IDEA (Individuals with Disabilities Education Act) and Section 504 of the Rehabilitation Act of 1973 are very different, leading to miscommunication between college and high school staff who have studied only the statutes applying to their institution.
In high schools, for example, under IDEA, special education programs may apply primarily to Learning Disabilities. High school students who are in wheelchairs, may fall under a subpart of Section 504 of the Rehabilitation Act and be referred to as their '504' clients. They will develop IEPs (Individual Education Plans) for these students simply because that is the procedure they have available under their IDEA mandated program. However, Section 504 does not require IEPs in high school or at post-secondary institutions.
The misunderstanding comes from the practice of telling families that the '504 Plan' developed at a high school will be binding on a college or university, since they have heard us also talk about Section 504 applying to colleges.
(Other differences may exist for post-secondary institutions which provide housing programs, health services, psychological counseling services, and extensive international programs.)
Privacy: Students in colleges and universities are considered adults, with privacy and confidentiality protections. College staff cannot talk with parents and guardians about a student's academic activities as was typical in K-12.
Eligibility for special education services in high schools is diagnosis driven (i.e., the student must be diagnosed as having one of eleven specified conditions). Eligibility for reasonable accommodations in post-secondary institutions is driven by severity of impact on a major life activity (i.e., a mental or physical impairment which significantly limits a major life activity).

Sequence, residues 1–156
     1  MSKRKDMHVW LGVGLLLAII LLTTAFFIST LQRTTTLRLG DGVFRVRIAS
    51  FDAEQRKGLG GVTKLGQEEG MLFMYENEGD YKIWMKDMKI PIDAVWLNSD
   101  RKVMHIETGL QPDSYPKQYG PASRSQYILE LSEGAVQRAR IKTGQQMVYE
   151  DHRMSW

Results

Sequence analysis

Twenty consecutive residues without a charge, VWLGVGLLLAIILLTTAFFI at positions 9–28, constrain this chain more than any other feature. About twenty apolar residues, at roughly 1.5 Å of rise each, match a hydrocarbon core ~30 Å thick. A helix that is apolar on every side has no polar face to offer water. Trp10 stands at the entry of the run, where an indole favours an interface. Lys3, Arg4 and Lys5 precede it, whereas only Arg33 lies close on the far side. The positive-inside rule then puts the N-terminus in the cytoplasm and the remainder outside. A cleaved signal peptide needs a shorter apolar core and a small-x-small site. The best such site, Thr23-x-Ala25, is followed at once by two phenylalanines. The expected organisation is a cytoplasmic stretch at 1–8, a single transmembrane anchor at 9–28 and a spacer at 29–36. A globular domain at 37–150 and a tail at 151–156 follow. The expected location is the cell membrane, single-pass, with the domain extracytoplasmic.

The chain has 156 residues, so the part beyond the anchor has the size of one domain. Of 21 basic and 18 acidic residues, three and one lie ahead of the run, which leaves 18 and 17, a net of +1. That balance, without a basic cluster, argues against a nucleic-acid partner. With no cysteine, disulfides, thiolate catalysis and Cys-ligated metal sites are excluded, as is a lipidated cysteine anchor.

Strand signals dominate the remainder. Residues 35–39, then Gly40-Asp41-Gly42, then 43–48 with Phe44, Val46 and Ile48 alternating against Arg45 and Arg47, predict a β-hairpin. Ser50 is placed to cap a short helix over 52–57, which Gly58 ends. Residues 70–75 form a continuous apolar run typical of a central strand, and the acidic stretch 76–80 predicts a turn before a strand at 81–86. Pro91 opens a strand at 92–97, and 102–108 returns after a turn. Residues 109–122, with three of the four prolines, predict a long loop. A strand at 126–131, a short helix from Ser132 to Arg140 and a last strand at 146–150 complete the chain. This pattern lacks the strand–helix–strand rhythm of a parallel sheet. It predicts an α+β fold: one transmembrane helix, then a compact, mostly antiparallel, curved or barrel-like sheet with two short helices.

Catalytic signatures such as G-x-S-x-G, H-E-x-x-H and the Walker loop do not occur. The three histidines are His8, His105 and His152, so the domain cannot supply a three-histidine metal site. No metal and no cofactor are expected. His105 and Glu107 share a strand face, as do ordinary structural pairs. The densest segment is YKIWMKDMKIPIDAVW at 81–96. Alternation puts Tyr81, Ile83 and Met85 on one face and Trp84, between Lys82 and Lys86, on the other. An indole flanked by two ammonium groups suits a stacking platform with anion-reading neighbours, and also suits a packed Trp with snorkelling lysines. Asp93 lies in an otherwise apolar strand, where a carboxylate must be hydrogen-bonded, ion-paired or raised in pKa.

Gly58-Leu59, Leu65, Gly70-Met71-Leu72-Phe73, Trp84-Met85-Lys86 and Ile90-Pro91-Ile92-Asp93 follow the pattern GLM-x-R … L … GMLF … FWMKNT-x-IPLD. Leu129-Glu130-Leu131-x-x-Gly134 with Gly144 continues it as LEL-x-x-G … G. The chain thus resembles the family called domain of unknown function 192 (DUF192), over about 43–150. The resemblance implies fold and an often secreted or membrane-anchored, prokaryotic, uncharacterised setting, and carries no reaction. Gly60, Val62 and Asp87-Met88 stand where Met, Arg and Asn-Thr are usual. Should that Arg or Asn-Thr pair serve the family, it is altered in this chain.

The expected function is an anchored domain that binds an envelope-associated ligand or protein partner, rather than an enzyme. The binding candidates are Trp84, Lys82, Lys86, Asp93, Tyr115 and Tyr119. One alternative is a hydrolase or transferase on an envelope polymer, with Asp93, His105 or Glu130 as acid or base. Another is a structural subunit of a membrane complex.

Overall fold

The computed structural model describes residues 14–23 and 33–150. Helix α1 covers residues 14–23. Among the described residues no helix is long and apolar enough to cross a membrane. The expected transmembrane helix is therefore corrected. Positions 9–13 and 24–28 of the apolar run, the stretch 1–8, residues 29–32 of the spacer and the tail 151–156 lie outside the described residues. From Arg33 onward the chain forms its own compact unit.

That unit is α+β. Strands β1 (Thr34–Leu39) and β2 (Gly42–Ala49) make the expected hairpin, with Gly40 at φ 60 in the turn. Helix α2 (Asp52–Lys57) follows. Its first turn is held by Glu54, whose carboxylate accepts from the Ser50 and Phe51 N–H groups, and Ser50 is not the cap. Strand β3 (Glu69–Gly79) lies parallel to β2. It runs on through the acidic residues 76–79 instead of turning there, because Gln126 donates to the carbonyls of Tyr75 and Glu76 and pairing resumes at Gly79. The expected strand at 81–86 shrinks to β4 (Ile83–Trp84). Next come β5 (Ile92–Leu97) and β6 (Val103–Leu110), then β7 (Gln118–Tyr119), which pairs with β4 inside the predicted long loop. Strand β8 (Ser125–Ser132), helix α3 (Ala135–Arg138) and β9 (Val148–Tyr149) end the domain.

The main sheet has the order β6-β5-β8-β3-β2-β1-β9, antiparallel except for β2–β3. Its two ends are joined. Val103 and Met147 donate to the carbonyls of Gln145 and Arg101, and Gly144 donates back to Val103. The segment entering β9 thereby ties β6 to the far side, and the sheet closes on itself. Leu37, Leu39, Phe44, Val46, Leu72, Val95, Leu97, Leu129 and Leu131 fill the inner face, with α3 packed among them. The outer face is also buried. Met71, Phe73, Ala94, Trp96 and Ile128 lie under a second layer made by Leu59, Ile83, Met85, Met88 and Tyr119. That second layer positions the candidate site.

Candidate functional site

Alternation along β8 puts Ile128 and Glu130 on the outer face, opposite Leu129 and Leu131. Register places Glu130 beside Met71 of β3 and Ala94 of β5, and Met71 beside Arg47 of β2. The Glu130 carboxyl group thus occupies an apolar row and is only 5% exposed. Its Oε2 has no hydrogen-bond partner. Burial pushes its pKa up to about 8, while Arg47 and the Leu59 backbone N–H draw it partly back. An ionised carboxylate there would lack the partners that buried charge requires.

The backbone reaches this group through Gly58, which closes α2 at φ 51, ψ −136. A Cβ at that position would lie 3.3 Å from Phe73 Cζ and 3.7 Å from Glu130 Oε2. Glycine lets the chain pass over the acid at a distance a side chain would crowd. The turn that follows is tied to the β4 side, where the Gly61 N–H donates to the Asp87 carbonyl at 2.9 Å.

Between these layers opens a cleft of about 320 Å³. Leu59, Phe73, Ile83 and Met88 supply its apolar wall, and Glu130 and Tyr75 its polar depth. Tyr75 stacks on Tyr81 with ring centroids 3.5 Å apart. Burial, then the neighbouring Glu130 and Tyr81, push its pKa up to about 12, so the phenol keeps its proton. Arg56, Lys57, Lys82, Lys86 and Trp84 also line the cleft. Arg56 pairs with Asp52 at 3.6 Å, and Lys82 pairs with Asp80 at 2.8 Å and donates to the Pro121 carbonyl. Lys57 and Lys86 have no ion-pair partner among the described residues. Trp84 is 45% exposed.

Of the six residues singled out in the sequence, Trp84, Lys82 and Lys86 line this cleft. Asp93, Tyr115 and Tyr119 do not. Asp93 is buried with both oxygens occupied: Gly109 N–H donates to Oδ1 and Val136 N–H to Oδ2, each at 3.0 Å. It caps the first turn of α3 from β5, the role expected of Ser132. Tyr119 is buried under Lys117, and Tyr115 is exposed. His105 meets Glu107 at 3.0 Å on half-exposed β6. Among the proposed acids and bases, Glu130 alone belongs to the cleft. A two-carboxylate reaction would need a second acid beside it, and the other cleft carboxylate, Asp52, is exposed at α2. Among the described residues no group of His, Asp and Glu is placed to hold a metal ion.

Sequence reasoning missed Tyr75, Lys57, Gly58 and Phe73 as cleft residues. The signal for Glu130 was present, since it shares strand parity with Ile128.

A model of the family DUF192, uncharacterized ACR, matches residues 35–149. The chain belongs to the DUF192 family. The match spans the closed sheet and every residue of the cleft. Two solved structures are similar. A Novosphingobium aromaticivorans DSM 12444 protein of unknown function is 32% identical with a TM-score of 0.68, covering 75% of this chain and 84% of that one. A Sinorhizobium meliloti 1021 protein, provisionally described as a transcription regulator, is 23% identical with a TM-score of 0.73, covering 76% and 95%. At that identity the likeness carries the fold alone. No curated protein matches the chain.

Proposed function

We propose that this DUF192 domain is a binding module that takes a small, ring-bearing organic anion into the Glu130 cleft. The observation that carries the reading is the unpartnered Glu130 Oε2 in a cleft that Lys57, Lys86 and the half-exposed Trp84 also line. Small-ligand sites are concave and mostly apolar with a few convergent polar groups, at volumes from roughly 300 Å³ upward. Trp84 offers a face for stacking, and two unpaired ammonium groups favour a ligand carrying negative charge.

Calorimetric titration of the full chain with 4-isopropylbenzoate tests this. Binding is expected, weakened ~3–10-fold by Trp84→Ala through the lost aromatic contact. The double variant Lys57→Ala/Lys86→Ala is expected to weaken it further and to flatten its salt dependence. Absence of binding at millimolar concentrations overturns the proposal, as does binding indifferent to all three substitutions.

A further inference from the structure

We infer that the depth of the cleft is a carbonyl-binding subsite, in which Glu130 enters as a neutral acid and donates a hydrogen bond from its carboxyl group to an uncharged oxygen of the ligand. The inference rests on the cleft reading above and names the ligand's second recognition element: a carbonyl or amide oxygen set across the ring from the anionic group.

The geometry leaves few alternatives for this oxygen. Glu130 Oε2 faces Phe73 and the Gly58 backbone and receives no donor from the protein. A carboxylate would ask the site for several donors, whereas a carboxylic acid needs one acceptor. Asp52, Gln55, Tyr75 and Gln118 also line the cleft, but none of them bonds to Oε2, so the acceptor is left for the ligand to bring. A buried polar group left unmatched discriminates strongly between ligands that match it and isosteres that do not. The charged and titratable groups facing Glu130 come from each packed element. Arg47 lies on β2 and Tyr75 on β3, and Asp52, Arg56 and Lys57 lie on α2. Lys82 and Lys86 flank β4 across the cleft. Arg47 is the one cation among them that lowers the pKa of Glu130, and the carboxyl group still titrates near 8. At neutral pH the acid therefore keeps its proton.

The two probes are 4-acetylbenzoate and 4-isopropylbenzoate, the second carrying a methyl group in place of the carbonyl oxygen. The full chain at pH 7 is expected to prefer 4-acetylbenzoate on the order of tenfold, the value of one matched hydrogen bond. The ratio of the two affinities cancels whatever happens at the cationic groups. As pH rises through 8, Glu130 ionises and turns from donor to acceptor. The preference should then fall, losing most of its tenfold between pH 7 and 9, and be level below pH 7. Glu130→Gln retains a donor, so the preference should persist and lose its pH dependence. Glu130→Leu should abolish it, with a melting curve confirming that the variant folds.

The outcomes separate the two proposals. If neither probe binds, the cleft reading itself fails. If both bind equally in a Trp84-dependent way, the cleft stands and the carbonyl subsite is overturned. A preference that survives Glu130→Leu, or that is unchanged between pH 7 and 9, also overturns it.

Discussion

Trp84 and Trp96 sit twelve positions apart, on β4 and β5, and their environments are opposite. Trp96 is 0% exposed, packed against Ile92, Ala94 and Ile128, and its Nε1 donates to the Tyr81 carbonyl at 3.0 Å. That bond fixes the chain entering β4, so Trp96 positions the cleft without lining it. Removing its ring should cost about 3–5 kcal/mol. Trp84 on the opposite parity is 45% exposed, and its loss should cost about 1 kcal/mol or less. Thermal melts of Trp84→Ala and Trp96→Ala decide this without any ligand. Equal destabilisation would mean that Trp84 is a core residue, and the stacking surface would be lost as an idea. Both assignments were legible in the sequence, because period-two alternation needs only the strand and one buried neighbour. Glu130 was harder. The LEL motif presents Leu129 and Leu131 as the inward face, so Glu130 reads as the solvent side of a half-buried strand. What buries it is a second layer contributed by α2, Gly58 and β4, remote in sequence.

College students must structure and plan their own study time; colleges do not set up study periods or provide for time to do homework in most classes. Professors may differ with their attendance requirement, scheduling assignment due dates and exams. The student must study each professor's syllabus for each class.
Students with disabilities must act to identify their disabilities; must take specific action to request accommodations for their disabilities, if desiring to so request; and must provide verifying documentation such as psycho-educational test results, medical documents and doctor's statements. The documentation must verify the disability, describe the extent of the impairment and provide information which verifies the need for specific accommodation.
Adapted from the Oklahoma City Community College - Office of Disability Services